Renal artery denervation in post-stenting patients


A new study published in Journal of endovascular therapy (2014;21:181–190) has evaluated the efficacy of renal denervation therapy for hypertension refractory to renal artery stenting.

The study included ten patients (6 women; mean age 70.0±5.1 years) with an office systolic blood pressure >160 mmHg despite taking ≥3 antihypertensive drugs and uni- or bilateral renal artery stenting. These patients were treated with RDN. Radiofrequency (RF) energy was delivered to the native segment of the artery keeping a 5-mm safe distance from the stented segments. Standardized office and ambulatory blood pressure measurements, medication, and renal assessment, including renal duplex ultrasound and renal function, were determined at baseline and on follow-up to 12 months.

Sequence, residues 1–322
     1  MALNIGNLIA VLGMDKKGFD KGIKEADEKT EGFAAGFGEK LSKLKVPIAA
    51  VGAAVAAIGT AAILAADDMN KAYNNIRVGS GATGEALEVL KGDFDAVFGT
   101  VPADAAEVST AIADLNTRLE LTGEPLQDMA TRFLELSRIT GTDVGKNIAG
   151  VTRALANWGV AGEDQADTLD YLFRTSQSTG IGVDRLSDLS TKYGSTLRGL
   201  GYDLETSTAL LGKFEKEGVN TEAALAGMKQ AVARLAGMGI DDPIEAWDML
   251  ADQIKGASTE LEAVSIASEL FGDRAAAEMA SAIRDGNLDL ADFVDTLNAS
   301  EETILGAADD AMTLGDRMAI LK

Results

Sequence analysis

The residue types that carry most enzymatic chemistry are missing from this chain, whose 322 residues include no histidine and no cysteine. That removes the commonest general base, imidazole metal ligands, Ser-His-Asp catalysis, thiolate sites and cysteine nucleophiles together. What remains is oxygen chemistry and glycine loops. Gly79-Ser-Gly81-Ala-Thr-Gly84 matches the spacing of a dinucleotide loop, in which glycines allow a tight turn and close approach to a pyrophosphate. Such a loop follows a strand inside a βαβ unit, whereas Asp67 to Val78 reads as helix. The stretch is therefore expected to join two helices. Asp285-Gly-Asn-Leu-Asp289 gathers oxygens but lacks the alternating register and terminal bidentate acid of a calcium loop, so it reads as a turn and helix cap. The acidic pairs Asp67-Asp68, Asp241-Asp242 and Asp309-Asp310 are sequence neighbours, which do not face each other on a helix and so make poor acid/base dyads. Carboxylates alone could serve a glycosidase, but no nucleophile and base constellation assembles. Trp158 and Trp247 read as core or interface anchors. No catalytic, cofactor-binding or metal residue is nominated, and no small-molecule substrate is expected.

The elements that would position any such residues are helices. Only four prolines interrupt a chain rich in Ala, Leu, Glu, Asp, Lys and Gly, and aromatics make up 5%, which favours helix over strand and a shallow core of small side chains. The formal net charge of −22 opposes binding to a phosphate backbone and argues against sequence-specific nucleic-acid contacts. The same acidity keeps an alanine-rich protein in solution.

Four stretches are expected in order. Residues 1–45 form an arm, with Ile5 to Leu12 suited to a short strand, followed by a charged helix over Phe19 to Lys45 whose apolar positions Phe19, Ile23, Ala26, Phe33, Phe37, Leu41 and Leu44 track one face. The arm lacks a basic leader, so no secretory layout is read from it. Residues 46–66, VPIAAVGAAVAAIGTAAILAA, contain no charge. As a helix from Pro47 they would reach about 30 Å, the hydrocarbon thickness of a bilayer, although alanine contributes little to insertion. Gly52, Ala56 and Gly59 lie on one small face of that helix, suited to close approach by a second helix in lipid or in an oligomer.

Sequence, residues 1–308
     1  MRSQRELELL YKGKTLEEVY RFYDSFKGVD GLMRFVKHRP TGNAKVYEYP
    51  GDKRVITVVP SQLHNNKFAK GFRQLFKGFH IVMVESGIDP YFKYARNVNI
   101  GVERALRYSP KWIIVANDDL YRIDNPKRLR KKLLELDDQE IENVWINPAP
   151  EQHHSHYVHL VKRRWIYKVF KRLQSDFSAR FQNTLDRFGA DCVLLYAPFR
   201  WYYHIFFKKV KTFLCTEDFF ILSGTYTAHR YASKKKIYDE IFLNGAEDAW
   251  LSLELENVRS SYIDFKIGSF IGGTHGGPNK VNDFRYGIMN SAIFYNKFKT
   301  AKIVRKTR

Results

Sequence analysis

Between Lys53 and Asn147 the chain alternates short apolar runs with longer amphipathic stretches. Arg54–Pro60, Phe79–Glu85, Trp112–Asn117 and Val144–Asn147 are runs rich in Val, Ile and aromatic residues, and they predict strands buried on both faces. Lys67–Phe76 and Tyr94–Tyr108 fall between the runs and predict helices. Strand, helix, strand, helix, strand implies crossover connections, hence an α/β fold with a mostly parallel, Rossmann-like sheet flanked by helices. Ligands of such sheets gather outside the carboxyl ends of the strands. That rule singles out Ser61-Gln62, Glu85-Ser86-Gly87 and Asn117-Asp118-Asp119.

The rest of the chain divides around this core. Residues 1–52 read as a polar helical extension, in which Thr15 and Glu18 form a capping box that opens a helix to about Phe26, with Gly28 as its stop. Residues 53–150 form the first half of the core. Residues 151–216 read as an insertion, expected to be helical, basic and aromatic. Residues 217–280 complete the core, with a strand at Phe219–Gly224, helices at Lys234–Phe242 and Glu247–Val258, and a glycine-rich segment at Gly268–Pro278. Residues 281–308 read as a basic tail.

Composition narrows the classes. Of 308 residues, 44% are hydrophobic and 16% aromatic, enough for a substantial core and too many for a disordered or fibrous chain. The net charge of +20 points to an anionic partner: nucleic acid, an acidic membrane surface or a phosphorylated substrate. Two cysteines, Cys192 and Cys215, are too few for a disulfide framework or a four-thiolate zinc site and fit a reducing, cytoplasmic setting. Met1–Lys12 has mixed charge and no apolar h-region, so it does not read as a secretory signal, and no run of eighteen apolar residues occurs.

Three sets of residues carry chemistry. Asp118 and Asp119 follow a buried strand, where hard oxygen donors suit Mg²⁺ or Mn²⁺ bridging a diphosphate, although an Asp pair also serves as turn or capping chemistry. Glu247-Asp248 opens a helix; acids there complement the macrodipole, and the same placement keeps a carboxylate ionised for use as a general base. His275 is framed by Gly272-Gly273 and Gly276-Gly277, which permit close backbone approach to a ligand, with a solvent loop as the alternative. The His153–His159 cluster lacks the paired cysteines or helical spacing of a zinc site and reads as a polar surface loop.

Office BP  (systolic/diastolic) at baseline was 190.0±20.4 / 84.2±10.1 mmHg. It decreased to 171.1±28.7 / 82.2±8.7, 165.5±28.4 / 76.1±7.4, and 158.3±14.2/ 75.5±9.5 mmHg (p<0.01) at 3, 6, and 12 months after RDN, respectively. Average ambulatory BP (systolic/diastolic) after 6 and 12 months decreased by −7.6/ −3.1 and −11.3 / −5.1 mmHg (p<0.05).

There was no renal artery (re)stenosis, dissection, or aneurysm within 12 months.

Creatinine, cystatin C, and glomerular filtration rate remained unchanged.

Urine albumin excretion decreased in 4/10 patients.

Renal resistive indices improved in native, but not in stented renal arteries within the follow-up period.

RF-based RDN can be safely and effectively delivered in patients with resistant hypertension and previous renal artery stenting.”

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